New York Post
After Lin's stunning, buzzer-beating, game-winning three-point shot against the Toronto Raptors on Valentine's Day, the New York Post drew eyebrows for the headline AMASIAN! on its back page sports in an attempt to play on the 1969 Amazin' Mets.
MSNBC host Chris Hayes tweeted: #linsanity headline in NY Post: AMASIAN! #questionable
Another reader tweeted: New York Post is an absolute disgrace having the sports headline read Amasian.... This is why people dot focus on his actual skill and act.
Another reader, though, praised the headline, tweeting: Today's NY Post Lin headline: Amasian! #greatestheadlineever
The Knicks Good Fortune
After the Knicks beat the Sacramento Kings on Wednesday, MSG Network showed a graphic with a cutout of Lin's smiling face hovering over a cracked open fortune cookie. The accompanying text read The Knicks Good Fortune.
CNBC's Darren Rovell was the first to post the image on Twitter. He also wrote: MSG walking a fine line with this Lin fortune cookie graphic tonight.
Some viewers believed MSG itself created the image, but a network spokesperson said on Thursday that it was merely a fan's sign.
What appeared briefly last night was not an MSG graphic, it was one of many fan signs in the arena.
One person reacted, tweeting: Ummm... does anyone else feel like MSG having Jeremy Lin coming out of a fortune cookie is a tad on the racist side?? Smdh #GoKnicks
Another tweeted: Jeremy lin has inspired so much accidental racism... Broken fortune cookie with lin's face is not a good look @msgnetworks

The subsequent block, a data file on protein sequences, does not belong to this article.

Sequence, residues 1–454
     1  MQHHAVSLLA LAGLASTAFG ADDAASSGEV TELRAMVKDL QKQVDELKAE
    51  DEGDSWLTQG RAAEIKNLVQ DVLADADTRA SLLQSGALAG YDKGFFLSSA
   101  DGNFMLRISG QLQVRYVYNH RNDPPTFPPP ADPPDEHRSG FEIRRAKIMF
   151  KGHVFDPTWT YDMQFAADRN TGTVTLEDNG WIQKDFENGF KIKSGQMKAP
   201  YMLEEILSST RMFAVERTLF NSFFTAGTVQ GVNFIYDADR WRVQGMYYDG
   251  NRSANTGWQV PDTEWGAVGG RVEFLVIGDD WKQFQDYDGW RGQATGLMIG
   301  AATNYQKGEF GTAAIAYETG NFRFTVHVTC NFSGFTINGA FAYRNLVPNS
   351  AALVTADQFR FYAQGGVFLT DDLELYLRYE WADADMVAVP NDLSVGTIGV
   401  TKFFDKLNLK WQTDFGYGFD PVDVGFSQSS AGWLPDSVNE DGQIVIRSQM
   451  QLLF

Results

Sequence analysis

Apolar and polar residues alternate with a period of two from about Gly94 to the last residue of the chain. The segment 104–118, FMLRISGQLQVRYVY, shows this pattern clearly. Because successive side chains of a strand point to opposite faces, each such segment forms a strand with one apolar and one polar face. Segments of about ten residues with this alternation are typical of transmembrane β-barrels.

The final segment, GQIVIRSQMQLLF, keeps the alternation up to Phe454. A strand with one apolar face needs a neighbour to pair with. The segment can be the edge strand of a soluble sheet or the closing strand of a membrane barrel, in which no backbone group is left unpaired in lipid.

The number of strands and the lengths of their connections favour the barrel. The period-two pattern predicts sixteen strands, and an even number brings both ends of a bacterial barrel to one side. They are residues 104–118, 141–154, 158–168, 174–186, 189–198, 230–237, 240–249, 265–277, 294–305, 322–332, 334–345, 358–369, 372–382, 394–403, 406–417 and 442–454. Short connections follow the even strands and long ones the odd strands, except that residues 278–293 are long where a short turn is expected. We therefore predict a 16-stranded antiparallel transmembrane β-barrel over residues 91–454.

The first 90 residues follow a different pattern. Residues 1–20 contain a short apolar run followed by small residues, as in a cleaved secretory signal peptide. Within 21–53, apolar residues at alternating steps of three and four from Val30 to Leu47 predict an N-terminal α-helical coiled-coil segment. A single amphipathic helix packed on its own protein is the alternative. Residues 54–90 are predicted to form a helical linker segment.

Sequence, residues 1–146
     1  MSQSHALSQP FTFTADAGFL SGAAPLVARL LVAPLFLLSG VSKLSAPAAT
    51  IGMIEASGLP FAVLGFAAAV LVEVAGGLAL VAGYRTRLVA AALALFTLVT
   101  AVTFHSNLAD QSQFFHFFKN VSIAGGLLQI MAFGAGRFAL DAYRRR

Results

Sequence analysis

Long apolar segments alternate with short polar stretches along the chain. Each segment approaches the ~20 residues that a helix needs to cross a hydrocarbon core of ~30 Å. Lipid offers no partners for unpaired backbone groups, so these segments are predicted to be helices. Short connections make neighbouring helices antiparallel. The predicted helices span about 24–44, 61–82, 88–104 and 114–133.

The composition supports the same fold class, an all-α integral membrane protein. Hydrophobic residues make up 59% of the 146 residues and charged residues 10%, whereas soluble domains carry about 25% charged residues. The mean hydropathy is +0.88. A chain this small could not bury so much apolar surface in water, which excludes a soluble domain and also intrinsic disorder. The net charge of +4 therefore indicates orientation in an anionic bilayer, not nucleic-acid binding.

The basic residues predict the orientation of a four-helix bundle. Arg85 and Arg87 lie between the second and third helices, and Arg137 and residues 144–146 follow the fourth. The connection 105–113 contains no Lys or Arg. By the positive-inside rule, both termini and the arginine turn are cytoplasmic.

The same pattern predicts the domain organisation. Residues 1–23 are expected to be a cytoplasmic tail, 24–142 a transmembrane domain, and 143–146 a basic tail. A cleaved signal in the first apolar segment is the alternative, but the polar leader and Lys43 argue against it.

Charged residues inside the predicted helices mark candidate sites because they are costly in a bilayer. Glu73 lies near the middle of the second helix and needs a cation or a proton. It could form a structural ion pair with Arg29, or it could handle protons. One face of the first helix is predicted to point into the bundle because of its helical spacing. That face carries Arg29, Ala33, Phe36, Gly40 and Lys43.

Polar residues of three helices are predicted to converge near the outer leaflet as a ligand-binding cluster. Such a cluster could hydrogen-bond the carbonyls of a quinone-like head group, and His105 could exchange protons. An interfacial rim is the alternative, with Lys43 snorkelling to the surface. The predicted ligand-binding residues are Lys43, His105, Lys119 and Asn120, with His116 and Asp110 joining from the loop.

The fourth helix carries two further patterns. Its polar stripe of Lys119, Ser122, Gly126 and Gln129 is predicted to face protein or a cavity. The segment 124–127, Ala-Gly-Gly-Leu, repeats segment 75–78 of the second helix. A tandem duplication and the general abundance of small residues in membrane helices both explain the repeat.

All the Hype is because He's Asian
The day before Lin's stunning, buzzer-beating, game-winning three-point shot against the Toronto Raptors on Valentine's Day, boxer Floyd Mayweather tweeted this:
Jeremy Lin is a good player but all the hype is because he's Asian. Black players do what he does every night and don't get the same praise.
Mayweather drew much fervor and responded to the story later the same day via a series of tweets.
Its OK for ESPN to give their opinion but I say something and everyone questions Floyd Mayweather, he tweeted. I'm speaking my mind on behalf of other NBA players. They are programmed to be politically correct and will be penalized if they speak up.
Other countries get to support/cheer their athletes and everything is fine. As soon as I support Black American athletes, I get criticized.
A Couple of Inches of Pain
Fox Sports columnist Jason Whitlock played off an Asian stereotype after Lin's 38-point performance that lead to a 92-85 win over the Los Angeles Lakers, tweeting: